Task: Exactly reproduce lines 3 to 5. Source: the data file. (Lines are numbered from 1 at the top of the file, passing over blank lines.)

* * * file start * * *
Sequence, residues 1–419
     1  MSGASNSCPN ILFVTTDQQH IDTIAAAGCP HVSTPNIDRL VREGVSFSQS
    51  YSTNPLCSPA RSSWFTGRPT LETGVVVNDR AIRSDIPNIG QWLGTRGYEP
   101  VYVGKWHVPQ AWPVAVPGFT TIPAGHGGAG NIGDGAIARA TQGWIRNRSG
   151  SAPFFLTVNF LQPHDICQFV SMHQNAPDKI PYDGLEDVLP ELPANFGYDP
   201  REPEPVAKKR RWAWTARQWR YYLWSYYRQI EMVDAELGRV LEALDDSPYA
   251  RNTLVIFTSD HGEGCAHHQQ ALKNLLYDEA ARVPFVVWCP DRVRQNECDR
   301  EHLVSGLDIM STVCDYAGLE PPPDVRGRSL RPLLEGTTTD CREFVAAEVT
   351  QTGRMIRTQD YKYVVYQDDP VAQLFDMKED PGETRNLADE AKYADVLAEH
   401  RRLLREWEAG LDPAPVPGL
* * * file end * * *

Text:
    51  YSTNPLCSPA RSSWFTGRPT LETGVVVNDR AIRSDIPNIG QWLGTRGYEP
   101  VYVGKWHVPQ AWPVAVPGFT TIPAGHGGAG NIGDGAIARA TQGWIRNRSG
   151  SAPFFLTVNF LQPHDICQFV SMHQNAPDKI PYDGLEDVLP ELPANFGYDP